Additionally, in 2003 the Bureau for Economic Research found that small, medium and micro enterprises (SMMEs) in South Africa did not have the infrastructure or the capacity to develop HIV/AIDS workplace programmes. SABCOHA is working with a number of organisations to address this issue, including Eskom Holdings Limited, Daimler Chrysler and the ILO Project (involving Volskwagen SA’s eight supplier companies as part of a broader ILO Pilot Project) and the Japan Bank for International Co-operation (JBIC) .

Click here for more information on SABCOHA’s sector-specific initiatives.

The ins-and-outs of VCT

VCT programmes must be part of a broader HIV/AIDS programme that enables the employee to access HIV prevention, care and – if necessary – treatment. VCT should also be part of a broader health service delivery for employees so that they don’t view the initiative as an attempt to “screen” them. And unless a VCT programme is run in a climate of confidentiality and non-discrimination, it will fail.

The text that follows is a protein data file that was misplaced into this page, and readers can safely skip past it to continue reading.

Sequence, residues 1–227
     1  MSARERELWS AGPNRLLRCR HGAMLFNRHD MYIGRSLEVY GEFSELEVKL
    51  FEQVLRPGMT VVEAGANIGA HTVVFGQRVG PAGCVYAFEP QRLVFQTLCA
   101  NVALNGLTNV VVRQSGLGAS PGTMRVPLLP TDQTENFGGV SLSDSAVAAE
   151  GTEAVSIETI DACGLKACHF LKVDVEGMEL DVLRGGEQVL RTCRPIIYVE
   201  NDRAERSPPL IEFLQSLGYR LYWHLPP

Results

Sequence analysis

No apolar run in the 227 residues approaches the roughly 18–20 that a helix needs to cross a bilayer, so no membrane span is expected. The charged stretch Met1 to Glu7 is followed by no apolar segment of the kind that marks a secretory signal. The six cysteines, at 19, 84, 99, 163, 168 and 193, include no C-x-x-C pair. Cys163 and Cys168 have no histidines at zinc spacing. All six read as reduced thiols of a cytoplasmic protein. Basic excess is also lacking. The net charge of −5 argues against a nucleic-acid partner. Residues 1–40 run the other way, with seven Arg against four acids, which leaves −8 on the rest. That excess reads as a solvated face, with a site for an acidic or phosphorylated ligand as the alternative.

VCT campaigns in the workplace have been shown to be only partly successful, with uptake rates seldom more than 45 percent, due to stigma, denial, fear and ignorance. This means that uptake for treatment– even if offered free by the company – is also low. Many South African companies and medical aids report low uptake of treatment.